Martin said he initially rejected fishing and got into forestry, simply because he wanted to avoid what seemed like the predetermined path. Eventually, though, he returned to the water.
“It’s part of our culture, our life, our blood,” he said. “There’s a lot of camaraderie out here.”
Because of the economic and cultural importance of salmon to the Quinault Tribe, it has long been a leader in habitat restoration and resource management on its lands. Due largely to the tribe’s urging, the goals outlined by the Office of the Chehalis River Basin include restorative flood protection, which seeks to return the floodplain to its natural, undeveloped state to hold more floodwater.
“We’re all working together to make this a better environment,” said Justine James, a Quinault cultural resources specialist. “We want to make the rivers and streams a better place for fish to return to. They’re going to be subjected to so many other things out on the ocean. They could be overfished by international companies, they could be subjected to biological warfare, natural or manmade. We just have no control over that, so we do the best we can within the river systems.”
According to Quinault fisheries biologist Larry Lestelle, current salmon runs on the Chehalis River have experienced a loss of nearly 90 percent from historic levels. With that reality in mind, tribal members are concerned that the dam could further that trend. During flood times, when the reservoir is created, the stoppage in flow would limit the supply of fresh oxygen to eggs laid in that six-mile area above the dam, killing them.
According to Lestelle, that area of the upper Chehalis used to be a “stronghold” for the biologically distinct spring Chinook runs — the most culturally and economically valuable to the tribe. Those runs, according to the Washington Department of Fish and Wildlife, have been reported in waning numbers above the proposed dam site in recent years, with just eight spawners recorded in 2017. That’s a drop from the 65 seen in 2014, and it coincides with depletion throughout the Chehalis Basin. From 2010 to 2017, spawners dropped from 3,495 to 1,405 in the basin, although year-to-year numbers often fluctuate back and forth in between.
“Of all the salmon runs in the Chehalis system, spring Chinook are the ones that are in the toughest shape,” Lestelle said in a September interview. “If a dam was to be built in (the upper Chehalis), it would seal the fate of that remnant run that’s still in the Chehalis. The other thing a dam would do is foreclose the opportunity to restore that upper Chehalis run.”
Proponents of the dam point out that the “do-nothing” option — allowing the effects of degraded habitat and climate change to play out unchecked, will wipe out the salmon regardless. The Chehalis Basin Strategy under which the dam falls is dual-pronged, looking at ways to curtail flooding while also restoring aquatic habitat. The political buy-in from leaders concerned with flooding could bring likewise bring more support to the habitat part of the equation.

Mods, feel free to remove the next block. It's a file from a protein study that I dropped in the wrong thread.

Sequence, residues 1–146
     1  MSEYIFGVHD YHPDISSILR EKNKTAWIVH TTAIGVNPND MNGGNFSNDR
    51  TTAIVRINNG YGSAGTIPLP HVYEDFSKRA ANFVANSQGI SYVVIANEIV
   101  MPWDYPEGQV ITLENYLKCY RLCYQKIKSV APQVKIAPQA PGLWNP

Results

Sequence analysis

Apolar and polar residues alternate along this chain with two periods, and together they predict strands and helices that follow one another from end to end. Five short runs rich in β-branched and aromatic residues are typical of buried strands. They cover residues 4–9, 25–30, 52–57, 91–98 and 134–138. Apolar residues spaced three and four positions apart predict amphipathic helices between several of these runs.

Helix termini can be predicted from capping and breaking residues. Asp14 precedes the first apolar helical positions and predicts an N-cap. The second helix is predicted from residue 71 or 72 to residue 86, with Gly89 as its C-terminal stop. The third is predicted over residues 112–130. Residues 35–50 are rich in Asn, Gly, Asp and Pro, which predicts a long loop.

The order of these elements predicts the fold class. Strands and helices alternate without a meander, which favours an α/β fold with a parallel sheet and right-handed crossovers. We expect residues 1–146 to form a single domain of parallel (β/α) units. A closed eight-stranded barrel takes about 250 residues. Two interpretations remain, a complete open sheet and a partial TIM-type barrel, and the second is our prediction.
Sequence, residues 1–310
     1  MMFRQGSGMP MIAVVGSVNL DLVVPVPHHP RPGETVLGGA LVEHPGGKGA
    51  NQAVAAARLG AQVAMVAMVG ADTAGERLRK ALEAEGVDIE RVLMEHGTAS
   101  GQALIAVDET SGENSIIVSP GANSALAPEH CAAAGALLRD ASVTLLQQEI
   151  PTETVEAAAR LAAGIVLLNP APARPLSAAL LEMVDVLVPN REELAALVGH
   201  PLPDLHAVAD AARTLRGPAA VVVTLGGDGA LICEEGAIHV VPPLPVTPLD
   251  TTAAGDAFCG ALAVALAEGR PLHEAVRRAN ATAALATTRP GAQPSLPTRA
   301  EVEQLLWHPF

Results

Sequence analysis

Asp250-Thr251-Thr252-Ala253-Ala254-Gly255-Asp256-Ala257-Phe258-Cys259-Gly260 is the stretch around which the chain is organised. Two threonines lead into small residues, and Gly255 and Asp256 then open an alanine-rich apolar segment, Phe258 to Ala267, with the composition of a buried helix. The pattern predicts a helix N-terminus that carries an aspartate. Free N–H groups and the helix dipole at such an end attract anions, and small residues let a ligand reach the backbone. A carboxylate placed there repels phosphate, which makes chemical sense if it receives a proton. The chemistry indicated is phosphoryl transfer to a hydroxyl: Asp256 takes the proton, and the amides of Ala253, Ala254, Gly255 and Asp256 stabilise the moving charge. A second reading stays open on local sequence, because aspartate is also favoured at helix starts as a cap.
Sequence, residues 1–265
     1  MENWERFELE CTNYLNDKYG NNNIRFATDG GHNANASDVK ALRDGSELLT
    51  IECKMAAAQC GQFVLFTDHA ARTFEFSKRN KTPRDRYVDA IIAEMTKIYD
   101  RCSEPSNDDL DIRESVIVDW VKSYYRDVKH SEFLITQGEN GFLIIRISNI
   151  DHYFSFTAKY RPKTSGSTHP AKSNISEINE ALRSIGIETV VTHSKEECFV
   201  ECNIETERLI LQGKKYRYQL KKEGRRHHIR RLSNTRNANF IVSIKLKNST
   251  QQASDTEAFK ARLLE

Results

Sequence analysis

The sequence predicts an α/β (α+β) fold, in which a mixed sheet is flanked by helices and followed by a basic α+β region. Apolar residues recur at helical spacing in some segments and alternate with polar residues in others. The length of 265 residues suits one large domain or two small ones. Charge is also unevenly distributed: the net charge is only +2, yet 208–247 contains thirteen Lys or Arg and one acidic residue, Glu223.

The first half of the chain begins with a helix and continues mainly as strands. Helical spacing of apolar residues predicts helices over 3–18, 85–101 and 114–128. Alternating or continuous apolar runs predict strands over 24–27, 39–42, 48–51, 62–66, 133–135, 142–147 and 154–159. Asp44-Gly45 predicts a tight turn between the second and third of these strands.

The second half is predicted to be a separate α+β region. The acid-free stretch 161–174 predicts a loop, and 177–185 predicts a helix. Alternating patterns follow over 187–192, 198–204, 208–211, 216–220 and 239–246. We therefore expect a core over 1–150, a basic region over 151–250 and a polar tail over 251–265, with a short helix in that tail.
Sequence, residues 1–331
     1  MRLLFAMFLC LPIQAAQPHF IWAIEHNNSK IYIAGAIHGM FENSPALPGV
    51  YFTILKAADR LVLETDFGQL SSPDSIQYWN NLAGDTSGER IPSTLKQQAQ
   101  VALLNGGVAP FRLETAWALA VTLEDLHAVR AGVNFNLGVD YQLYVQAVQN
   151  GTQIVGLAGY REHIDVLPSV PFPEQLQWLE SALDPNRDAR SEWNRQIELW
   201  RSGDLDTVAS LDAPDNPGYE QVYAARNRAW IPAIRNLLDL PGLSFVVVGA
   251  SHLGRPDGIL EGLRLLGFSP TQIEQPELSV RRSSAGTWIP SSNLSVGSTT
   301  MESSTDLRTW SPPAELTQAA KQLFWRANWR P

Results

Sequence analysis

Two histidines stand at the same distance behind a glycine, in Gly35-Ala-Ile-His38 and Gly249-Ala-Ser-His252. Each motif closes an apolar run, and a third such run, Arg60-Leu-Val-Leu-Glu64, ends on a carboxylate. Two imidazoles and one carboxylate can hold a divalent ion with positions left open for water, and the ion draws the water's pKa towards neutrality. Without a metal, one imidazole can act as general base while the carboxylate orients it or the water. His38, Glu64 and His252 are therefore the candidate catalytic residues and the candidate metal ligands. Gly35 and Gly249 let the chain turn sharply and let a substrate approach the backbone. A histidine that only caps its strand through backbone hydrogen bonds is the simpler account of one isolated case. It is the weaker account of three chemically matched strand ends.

“The forecast for climate change’s impacts on the fishery in the Chehalis Basin is really bad, including basically the extermination of the spring Chinook over the next 100 years,” said Vander Stoep, the Chehalis lawyer who serves on the board alongside the tribe and has long been a local leader on flooding issues. “What this strategy offers is the opportunity to turn that around and have increasing numbers … even in the face of climate change.”
To Johnstone — the fisherman and policy spokesperson — the tiny numbers of salmon now seen above the dam are a reason to fight back, not give up.
“‘There’s hardly any anyway — let’s just get rid of the whole … damn thing,’” he said, summarizing the argument that the dam would do little harm. “No, the answer is no. To me, that only validates the fact that we do have real spring Chinook, so what are we going to do about it? Not what are we going to do about it to eliminate it, but what are we going to do about it to keep it, to perpetuate it forever and ever?”
Many of the tribal leaders aren’t outright opposed to the dam — just yet — but want to see clear evidence that its environmental impacts won’t prove devastating. And with the hundreds of millions of dollars it will require to build such a project, they want assurances that the same investment will be set aside for habitat restoration.